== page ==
Eggelston – eccentric beauty and wonder

November 18th, 2008 by amy


Untitled (St. Simons Island, Georgia), 1978


“Untitled,” circa 1975


“Untitled,” 1973

Peter Schjeldahl, in his New Yorker review Local Color: William Eggleston at the Whitney states:

You can always tell a William Eggleston photograph. It’s the one in color that hits you in the face and leaves you confused and happy, and perhaps convinces you that you don’t understand photography nearly as well as you thought you did. To view “William Eggleston: Democratic Camera, Photographs and Video, 1961-2008,” at the Whitney, is to be pummelled by eccentric beauty, and to wonder about it.

Schejeldahl’s review is is lucid, poetic and charming. He encapsulates so well the appeal and art of Eggelston’s work. Heres another gem:

…there’s no gainsaying Eggleston’s results. He shoots like a shutterbug and executes like a painter. Synthetic gorgeousness iconizes pictures that flaunt the nonchalance of snapshots.

I only disagree with Schjeldahl’s assertion that:

… the emotional key to his genius is a stoical loathing, unblinking in the face of one scandalously uncongenial otherness after another. His subjects have no ascertainable dignity, except that of stubbornly existing.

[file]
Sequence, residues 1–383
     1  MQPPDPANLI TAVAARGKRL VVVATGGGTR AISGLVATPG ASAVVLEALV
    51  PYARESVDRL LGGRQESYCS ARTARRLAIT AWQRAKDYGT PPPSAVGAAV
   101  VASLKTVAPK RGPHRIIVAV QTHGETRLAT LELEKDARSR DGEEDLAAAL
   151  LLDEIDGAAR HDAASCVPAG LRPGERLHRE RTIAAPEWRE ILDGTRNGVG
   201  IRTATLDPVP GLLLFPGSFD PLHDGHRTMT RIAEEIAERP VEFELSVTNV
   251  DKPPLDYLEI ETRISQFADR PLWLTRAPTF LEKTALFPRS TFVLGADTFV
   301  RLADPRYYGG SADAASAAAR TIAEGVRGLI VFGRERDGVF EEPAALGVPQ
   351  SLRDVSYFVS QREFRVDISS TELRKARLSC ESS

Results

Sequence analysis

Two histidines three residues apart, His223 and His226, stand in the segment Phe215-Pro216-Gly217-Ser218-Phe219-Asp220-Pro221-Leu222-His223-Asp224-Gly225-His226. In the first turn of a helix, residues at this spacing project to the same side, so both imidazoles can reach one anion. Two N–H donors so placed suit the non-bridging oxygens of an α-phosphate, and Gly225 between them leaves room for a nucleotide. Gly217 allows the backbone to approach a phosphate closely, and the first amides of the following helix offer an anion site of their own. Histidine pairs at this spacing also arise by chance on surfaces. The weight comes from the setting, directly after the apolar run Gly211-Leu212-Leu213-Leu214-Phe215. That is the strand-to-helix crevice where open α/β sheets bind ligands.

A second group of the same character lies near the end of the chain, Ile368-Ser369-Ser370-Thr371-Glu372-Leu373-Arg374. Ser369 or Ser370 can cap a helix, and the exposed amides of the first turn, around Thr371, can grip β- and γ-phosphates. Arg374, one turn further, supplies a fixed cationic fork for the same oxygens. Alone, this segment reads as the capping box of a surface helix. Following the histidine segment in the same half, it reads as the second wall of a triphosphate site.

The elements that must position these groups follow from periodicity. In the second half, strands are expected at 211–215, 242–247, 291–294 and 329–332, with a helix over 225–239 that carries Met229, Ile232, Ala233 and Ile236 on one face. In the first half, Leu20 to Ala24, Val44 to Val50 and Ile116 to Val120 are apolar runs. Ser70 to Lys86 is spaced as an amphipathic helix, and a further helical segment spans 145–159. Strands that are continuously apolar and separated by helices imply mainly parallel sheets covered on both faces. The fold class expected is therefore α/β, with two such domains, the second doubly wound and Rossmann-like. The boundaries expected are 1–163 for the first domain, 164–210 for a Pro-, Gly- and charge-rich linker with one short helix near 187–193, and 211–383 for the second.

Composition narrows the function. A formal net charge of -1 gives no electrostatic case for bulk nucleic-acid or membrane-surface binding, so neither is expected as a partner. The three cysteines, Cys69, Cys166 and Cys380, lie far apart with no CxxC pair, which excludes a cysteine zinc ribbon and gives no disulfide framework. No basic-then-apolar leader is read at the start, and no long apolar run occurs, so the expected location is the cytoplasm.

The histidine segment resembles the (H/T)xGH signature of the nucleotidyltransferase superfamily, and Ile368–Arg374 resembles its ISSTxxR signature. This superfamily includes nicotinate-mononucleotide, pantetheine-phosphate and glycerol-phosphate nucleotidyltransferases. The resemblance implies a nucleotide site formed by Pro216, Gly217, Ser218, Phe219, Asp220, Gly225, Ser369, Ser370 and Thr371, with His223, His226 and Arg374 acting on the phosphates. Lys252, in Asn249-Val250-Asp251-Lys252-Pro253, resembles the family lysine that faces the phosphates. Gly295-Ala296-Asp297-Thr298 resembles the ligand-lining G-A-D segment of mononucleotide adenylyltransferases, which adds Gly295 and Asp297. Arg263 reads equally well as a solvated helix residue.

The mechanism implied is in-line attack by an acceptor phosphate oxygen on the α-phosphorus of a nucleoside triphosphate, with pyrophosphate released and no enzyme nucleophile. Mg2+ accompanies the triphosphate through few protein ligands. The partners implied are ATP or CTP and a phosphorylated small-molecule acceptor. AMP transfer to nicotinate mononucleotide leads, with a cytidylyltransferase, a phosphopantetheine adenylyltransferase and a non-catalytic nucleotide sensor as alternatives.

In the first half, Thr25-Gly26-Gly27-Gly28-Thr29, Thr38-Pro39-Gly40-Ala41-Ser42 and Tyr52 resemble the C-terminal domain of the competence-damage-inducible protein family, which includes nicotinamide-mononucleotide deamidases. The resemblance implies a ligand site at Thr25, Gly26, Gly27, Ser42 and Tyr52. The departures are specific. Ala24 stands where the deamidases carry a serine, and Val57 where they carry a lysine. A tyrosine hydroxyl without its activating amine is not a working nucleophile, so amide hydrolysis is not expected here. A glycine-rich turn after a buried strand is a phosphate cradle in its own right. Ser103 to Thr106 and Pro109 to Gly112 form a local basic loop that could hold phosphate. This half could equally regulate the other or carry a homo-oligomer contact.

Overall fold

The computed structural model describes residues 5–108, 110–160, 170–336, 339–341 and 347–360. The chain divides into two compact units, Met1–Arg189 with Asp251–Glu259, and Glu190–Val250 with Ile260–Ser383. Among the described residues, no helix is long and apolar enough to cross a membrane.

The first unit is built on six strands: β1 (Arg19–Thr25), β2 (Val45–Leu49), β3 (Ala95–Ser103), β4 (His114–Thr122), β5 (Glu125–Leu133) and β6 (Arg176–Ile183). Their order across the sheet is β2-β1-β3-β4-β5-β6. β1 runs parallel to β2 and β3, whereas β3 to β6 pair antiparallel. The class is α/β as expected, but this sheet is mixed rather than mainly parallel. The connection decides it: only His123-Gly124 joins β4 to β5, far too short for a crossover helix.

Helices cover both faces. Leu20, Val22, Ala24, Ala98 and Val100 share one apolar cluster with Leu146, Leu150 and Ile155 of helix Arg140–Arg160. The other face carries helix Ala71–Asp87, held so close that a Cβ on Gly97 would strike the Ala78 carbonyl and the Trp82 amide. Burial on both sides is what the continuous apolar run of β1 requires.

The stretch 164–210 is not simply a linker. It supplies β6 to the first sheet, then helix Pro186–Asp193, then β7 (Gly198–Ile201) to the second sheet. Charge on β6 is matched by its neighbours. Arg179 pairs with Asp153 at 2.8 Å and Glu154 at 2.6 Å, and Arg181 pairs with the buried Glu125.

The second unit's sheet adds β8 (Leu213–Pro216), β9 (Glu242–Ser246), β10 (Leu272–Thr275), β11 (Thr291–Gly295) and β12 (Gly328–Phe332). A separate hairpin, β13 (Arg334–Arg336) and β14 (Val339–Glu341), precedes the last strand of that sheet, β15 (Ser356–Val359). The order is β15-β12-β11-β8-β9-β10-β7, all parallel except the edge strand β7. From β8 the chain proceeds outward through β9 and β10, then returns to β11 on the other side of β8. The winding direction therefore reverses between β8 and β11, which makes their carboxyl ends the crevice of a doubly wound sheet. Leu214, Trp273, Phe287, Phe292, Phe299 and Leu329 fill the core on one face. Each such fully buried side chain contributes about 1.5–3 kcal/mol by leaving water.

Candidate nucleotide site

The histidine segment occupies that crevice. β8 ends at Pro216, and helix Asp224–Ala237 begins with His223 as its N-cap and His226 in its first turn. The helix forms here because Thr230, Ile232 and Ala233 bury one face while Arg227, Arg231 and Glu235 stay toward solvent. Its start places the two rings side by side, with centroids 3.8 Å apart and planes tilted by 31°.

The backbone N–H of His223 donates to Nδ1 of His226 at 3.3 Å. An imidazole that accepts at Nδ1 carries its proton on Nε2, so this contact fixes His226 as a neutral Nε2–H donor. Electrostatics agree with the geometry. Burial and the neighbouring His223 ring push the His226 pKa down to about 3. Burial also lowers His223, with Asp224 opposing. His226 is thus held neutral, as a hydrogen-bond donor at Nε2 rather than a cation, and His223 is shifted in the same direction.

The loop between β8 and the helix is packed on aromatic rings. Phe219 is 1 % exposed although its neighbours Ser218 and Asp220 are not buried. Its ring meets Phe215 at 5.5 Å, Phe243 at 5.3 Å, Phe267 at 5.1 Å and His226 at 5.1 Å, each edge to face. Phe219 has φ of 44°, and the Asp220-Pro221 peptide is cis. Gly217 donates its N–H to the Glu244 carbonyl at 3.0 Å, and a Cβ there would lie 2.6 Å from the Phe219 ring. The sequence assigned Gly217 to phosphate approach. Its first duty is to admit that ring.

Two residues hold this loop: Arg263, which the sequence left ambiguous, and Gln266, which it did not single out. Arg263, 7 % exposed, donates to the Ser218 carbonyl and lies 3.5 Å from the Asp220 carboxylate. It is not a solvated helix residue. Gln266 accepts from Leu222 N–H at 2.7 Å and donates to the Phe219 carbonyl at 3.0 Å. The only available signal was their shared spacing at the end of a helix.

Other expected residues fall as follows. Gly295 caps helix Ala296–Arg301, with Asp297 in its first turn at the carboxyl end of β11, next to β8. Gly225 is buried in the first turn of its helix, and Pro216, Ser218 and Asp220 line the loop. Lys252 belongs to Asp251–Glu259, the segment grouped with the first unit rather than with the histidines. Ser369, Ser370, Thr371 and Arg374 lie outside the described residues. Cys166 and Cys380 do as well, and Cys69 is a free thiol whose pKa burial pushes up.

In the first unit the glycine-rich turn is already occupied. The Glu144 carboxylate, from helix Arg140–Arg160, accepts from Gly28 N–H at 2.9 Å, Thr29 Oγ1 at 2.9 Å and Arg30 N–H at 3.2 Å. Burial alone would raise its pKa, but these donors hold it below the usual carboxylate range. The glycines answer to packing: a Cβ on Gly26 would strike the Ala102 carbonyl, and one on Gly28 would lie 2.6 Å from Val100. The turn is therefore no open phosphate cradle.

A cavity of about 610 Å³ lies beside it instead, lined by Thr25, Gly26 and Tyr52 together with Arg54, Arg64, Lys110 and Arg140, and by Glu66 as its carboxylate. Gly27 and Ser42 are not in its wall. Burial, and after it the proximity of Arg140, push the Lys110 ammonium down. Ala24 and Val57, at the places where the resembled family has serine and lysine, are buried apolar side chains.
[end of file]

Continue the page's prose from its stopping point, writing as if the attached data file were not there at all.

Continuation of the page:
No dignity?

The girl at the commonplace counter with her red hair glowing like its own sunset stands as regally as the famous Elizabeth Siddal (Rossetti’s muse and a painter in her own right) whom she so resembles.

The girl lying sprawled on the grass is like a modern Ophelia (camera in hand, not flowers) who will, after soaking up the sun, not drown but jump up and run around the yard again.

.

I think Eggleston’s subjects, prosaic as they are, are fascinating precisely because of their homely rightness. His work does not look like loathing to me, rather detached observation but not angry, not demeaning. His photos are fascinating precisely because of their normality. A good photographer can make an attractive photograph out of a beautiful sunset or view or model but for me, the artistry, the genius of Eggelston is that he finds and distills the the interesting or the beautiful out of the dull or garish or common that surrounds us all the time.

(see more images at Time and The New York Times and The Eggelston Trust)

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